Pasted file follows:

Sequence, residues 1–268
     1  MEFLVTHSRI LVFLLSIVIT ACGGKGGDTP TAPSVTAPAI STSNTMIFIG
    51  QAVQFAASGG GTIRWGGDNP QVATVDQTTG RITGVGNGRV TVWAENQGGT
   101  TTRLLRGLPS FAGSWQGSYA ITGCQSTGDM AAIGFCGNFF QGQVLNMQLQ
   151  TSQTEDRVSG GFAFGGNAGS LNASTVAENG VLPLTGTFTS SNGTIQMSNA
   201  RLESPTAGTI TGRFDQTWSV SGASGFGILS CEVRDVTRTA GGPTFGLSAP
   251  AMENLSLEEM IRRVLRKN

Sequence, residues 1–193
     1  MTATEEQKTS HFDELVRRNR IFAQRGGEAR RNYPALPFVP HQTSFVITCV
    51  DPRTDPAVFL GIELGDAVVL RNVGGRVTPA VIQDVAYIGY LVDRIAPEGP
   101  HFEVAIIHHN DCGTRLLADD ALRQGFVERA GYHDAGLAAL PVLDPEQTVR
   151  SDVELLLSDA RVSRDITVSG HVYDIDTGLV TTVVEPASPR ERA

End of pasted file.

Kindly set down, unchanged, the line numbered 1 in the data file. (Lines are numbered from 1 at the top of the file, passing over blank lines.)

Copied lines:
Sequence, residues 1–268